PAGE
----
Campus News

Bethel College women engage in annual B.A.B.E. week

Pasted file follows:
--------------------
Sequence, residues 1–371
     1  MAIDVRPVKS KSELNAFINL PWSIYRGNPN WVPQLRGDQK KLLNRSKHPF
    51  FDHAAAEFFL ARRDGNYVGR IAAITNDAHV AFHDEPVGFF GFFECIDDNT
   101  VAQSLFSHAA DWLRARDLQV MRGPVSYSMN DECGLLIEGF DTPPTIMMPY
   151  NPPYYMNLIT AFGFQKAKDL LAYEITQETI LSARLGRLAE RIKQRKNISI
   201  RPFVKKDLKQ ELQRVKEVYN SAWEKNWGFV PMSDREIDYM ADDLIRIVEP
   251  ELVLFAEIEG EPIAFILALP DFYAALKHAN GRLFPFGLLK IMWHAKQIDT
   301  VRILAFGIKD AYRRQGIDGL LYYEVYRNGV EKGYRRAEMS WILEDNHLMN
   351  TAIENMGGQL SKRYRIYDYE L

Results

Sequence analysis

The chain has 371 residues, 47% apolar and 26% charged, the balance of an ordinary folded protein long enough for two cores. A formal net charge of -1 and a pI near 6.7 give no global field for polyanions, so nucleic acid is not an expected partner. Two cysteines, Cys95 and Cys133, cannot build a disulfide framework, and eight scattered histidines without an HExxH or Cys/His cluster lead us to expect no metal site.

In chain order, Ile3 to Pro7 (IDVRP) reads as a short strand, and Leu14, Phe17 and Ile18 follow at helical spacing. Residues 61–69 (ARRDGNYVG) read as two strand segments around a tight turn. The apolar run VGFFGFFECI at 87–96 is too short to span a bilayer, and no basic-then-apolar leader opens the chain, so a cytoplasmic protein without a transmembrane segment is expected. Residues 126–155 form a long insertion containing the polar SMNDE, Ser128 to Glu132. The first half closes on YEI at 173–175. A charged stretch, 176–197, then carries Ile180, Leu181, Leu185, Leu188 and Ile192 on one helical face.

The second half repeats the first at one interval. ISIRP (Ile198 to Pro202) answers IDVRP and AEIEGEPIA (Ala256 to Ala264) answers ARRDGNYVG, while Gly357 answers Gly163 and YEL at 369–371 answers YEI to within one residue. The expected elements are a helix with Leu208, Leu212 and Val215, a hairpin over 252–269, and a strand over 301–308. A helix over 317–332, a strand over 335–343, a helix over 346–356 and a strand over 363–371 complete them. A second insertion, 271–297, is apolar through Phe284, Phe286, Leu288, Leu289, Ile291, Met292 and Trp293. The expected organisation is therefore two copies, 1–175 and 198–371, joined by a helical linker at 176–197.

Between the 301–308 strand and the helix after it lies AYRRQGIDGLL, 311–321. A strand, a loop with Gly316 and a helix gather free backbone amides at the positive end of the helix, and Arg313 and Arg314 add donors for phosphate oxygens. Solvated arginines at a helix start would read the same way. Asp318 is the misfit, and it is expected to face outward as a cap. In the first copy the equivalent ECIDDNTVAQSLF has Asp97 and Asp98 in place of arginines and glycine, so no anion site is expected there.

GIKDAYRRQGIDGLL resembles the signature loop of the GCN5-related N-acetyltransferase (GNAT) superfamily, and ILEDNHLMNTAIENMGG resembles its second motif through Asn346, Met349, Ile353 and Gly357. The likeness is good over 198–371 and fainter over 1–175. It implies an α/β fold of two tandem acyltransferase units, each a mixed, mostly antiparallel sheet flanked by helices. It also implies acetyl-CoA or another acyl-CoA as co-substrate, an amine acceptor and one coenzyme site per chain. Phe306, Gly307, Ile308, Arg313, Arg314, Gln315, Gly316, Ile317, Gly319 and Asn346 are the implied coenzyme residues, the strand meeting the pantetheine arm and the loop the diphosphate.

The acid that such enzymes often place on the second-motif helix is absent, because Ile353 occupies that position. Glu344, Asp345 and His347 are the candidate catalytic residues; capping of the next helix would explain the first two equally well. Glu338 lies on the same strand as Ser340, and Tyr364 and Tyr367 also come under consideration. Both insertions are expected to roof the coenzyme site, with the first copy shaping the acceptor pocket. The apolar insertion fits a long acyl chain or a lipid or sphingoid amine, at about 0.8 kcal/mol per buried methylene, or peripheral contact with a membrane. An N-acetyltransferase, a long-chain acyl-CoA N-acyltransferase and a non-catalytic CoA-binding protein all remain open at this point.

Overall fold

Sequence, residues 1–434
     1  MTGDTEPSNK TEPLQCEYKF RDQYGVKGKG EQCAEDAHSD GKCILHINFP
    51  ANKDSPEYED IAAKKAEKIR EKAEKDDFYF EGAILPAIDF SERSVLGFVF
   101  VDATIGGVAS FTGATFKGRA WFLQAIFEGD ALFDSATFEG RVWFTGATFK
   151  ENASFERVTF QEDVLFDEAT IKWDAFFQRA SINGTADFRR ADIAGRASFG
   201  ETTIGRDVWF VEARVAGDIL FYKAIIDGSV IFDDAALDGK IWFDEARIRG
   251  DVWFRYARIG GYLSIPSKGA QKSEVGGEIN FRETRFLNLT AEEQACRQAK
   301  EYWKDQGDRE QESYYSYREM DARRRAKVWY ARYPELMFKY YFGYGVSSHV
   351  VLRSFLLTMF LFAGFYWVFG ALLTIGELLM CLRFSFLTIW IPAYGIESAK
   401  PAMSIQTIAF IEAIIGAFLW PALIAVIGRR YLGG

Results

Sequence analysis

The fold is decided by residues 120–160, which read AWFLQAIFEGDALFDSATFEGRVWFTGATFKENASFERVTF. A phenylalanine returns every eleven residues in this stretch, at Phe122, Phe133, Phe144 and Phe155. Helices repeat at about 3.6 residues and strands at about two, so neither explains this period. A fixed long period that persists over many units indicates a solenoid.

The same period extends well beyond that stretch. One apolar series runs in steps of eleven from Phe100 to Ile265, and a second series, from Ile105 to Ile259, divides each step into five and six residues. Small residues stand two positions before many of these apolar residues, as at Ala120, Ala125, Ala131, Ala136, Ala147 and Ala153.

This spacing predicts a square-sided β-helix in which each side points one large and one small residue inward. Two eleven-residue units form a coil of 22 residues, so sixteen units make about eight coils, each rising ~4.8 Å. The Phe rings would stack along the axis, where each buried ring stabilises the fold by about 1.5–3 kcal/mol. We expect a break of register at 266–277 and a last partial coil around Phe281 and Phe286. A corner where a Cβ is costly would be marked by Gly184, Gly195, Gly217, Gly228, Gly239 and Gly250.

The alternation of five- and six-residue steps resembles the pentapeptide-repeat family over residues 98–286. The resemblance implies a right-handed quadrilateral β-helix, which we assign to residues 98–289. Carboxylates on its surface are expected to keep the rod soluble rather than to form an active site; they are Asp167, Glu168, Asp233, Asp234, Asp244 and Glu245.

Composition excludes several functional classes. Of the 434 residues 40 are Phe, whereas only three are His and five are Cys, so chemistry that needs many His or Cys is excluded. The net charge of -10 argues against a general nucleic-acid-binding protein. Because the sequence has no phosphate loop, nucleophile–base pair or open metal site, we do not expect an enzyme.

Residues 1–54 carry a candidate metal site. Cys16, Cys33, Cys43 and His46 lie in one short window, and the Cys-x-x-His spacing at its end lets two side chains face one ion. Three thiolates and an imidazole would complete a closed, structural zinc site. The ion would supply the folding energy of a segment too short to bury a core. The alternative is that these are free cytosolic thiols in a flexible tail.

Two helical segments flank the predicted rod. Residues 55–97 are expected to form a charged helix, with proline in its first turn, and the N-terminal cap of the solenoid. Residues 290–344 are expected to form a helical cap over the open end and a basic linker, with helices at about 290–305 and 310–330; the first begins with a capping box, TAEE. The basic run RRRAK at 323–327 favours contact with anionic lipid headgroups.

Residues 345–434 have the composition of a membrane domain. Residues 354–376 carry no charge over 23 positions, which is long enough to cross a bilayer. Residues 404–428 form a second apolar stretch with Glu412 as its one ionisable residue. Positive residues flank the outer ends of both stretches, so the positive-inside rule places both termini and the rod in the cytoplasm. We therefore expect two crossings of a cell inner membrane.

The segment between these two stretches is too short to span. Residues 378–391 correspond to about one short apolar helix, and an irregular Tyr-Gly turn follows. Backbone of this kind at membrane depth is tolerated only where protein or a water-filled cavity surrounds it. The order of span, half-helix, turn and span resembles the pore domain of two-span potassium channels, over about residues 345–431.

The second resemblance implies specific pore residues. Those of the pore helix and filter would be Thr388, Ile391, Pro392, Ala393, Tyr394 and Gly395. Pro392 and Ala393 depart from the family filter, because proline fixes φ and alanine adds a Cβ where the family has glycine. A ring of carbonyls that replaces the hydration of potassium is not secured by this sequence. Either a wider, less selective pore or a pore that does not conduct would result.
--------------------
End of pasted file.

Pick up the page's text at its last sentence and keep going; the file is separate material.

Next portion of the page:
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On the heels of the Bethel College men completing their annual DUDE week, the women of Bethel College are now engaging in a week of their own. This week, dedicated to spiritual growth and community building amongst Bethel women, is known as B.A.B.E. week (Be Authentic Be Empowered). Shupe Hall, Bethel’s oldest female dormitory, shares Oakwood’s passion for one of its main goals during B.A.B.E. week: ‘deeper connections through digital detox.’ Shupe Hall encourages an annual technology fast throughout B.A.B.E. week; however, Shupe resident director Elizabeth Studebaker explained that the dorm’s theme for the week is more than just withdrawing from the internet, social media or the opposite sex. “We tried to articulate a specific theme this year,” said Studebaker. “This year’s theme in Shupe is ‘live like you’re loved’.” The presence of B.A.B.E. week on Bethel’s campus has become quite apparent, but Studebaker believes the difference between Shupe and the other female dorms on campus lies in its approach to this weeklong event. “Each (dorm) tailors the events to the wants and needs of each individual dorm,” said Studebaker. “Shupe and Tuckey (Hall) each do ‘initiation’ leading into B.A.B.E. week, because most of the students in those dorms are freshmen and sophomores. Some of the other dorms will do things like go out to eat or do something in a smaller setting.” Some of the dorms will do combined events with other dorms, such as the campus wide hip-hop fitness event and the “Featherless Fiesta," which is a catered meal of smoked chicken for every girl on campus. “I think, in a lot of ways, we do want to have those unifying events,” said Studebaker, “because the more that we emphasize the differences, then the more it can turn into certain dorms only doing certain events, since they don’t want to steal other people’s events.” Junior Shupe resident assistant Jennifer Mroczek, was able to share her experience of B.A.B.E. week, both as a participant last year and someone in charge of planning it this year. “Last year, I just showed up to some of the events,” said Mroczek. “I didn’t realize how much went into something like [B.A.B.E. week]. We started planning right after we got back from Christmas break and talked about our goals and visions for the week. That’s when I got really passionate about it. I didn’t really have that last year, since it was more of an, ‘I’ll show up and stay for a little bit’ kind of thing.” As for Shupe’s schedule during B.A.B.E. week, Studebaker claimed that it’s a lot of really great things happening in a short amount of time. “Every day is different, and every day has something great for our community,” said Studebaker. In the mornings, Shupe residents are encouraged to participate in morning devotional breakfasts, also known as ‘donuts and devos.’ Shupe girls are also encouraged to join their dorm mates for lunch and dinner as a dorm every afternoon and evening. Other events during the week for Shupe include a self-image discussion in the Academic Center on Mon., hip-hop fitness in the gym on Tues. night, a ‘fries before guys’ panel (french fries and dorm-wide discussion on relationships), mattress surfing and an indoor slip-and-slide. For being an event that is so huge for Shupe Hall, Studebaker believes that the payoff for the girls’ hard work and time dedication is contagiously beautiful. “It’s something that people get so excited about that it tends to take away a lot of the pressure for the events,” said Studebaker. “I love that it’s something that (the female dorms) do together, but each place does it in their own ways. We meet for several weeks leading up to B.A.B.E. week, talking about what we want to happen and plan for it.” B.A.B.E. week has been following on the heels of DUDE week for the past few years now. Both DUDE week and B.A.B.E. week have their benefits that they bring to their specific dorms, however, Studebaker believes that a week for the guys and a week for the girls separately brings great things to this campus’ life. “I like how B.A.B.E. week and DUDE week can be focused for both men and women,” said Studebaker. “If they were to do both of the weeks together, then I feel like it might seem forced, like ‘everybody has to do it all at once.’ I think there’s something special that happens when a community is able to focus on one thing at a time and focus on the importance of community amongst women as opposed to community across the board.” As the week-long event comes to a close, both Studebaker and Mroczek strongly believe that B.A.B.E. week is affecting lives in Shupe Hall. “It’s a good time for us to celebrate that we are women, and girls are celebrating community in different ways,” said Mroczek. “We get to celebrate something special and celebrate who we are as women.” “It’s just really cool to see girls be unified and connected in community through time with each other, God and stepping away from different distractions,” said Studebaker. “It looks a little bit different each year, depending on the approach for the week, but I love the tradition and that we are a part of something big.”
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